High Performing Sales Organizations vs Standard Sales Team Performance
According to a recent CSO research report, only 46% of sales reps are meeting quota, and sales teams are losing ground on 94% of the key sales activities most associated with high sales performance. How can companies be doing well if more than half of their reps are missing their targets and sales performance is so varied?
Apparently, sales leaders found ways, like relying more on existing customers, leaning heavily on star sellers, and putting more feet on the street to bulk up their revenues.
From our perspective, relying more on existing customers makes sense. Growing business at a current account is faster, more profitable, and easier than winning new business. We also believe that it makes sense, at least in the short-term, to lean on top sales performers if they are treated and rewarded appropriately.
But hiring more salespeople is where we believe that the problems begin. If you have a 46% success rate, then more than half of your new hires will not meet expectations. When you calculate the cost of attracting, hiring, onboarding, developing, and letting go of half your sales force each year, the numbers just do not add up. And from a sales culture perspective, it is not sustainable to rely too much on your top performers over the long haul.
What High Performing Sales Organizations Do Differently
In comparing more standard sales teams with those that are consistently on top, the research found three main factors that account for the success of high performing teams. Here’s our take on all three:
To improve your customer centricity, focus on increasing your understanding of your customer’s business, anticipating and flexing to your customers’ needs, and creating a community of customer advocates to spread the word.
Similar to the being more customer centric, solution selling training today must teach sales reps how to be customer focused from the top to the bottom of the sales funnel. The most effective sales reps adapt their selling journey to the customer’s buying path. Rather than try to force the customer to follow their process, high performers are intimately connected to the steps the buyer must take on the way to a deal.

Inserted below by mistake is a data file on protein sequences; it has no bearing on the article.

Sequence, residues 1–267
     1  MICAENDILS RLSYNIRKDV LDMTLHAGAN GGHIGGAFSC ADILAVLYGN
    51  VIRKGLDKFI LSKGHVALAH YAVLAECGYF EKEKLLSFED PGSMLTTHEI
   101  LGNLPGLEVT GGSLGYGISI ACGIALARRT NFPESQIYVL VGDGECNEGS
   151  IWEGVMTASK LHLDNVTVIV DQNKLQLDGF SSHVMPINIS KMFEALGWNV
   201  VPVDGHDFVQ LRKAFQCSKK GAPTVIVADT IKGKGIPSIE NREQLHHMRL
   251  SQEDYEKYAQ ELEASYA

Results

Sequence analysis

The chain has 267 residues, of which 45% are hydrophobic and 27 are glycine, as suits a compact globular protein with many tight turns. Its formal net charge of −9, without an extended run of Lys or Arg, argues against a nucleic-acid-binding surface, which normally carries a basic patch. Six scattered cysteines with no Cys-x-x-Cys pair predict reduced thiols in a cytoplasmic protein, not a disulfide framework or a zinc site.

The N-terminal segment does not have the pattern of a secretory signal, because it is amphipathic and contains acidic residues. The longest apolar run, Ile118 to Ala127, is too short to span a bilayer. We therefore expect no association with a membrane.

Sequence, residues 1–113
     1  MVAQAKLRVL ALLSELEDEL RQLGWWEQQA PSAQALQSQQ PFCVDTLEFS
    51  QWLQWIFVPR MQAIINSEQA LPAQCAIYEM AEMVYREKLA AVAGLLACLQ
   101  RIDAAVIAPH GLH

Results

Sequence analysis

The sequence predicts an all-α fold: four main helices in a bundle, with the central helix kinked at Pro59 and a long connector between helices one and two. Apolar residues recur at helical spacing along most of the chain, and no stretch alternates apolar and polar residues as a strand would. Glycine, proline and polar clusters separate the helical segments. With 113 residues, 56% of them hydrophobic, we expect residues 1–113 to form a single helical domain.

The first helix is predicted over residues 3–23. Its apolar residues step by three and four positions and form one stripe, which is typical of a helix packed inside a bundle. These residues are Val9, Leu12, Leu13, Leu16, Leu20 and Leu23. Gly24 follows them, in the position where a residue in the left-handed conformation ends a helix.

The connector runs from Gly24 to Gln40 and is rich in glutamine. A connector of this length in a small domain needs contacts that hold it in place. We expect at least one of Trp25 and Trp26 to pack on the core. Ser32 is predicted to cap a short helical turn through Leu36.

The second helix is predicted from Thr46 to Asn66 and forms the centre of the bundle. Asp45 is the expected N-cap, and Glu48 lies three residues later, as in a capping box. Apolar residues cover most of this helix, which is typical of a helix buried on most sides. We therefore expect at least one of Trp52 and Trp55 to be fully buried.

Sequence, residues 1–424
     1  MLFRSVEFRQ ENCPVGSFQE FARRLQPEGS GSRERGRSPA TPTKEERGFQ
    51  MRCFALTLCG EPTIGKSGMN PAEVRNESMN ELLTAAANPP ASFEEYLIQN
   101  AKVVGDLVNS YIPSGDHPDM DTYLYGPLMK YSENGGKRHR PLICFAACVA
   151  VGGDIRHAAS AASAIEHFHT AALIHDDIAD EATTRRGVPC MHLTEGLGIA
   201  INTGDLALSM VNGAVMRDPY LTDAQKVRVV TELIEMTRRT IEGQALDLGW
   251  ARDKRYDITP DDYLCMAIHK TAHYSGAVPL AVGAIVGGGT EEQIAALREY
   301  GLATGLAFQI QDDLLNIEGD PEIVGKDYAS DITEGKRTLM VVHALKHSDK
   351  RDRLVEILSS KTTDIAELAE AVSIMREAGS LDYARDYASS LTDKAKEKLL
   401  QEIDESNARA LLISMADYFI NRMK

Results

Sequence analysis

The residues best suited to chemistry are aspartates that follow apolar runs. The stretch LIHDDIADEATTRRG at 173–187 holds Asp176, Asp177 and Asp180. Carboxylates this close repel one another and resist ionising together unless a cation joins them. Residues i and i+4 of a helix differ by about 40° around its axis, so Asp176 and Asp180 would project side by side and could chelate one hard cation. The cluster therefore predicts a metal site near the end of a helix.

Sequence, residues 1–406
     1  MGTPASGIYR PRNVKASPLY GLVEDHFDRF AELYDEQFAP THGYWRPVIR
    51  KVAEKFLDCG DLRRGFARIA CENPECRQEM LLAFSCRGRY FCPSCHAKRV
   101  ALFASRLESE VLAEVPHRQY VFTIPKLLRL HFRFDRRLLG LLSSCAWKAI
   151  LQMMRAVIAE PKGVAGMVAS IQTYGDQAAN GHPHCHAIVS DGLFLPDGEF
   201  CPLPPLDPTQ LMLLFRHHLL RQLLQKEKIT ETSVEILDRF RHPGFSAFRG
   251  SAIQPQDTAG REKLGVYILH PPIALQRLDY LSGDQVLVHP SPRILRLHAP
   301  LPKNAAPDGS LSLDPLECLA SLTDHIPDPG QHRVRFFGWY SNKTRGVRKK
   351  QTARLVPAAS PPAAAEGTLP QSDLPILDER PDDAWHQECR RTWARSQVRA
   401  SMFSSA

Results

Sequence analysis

They know who will be making the final decision, how the decision will be made, and what information is needed when. Then they expertly escort their customer through their internal buying process to be successful. That means being skillful at navigating often misaligned internal systems and challenging politics not only at your company, but also at your buyer’s company without placing a burden on the customer.
Does your sales team add value at every client interaction and focus on helping their customers to succeed?
The Bottom Line
When you are looking to raise your sales team to the level of high performing sales organizations, ensure that your sales culture truly puts the customer first in a way that aligns with your sales strategy. Any misalignment with how your clients measure success will lengthen your sales cycle, decrease your win rate, and put too much pressure on your top sales performers.
To learn more about better aligning your sales culture with your sales strategy, download How to Determine the Right Amount of Pressure for Your Sales Culture
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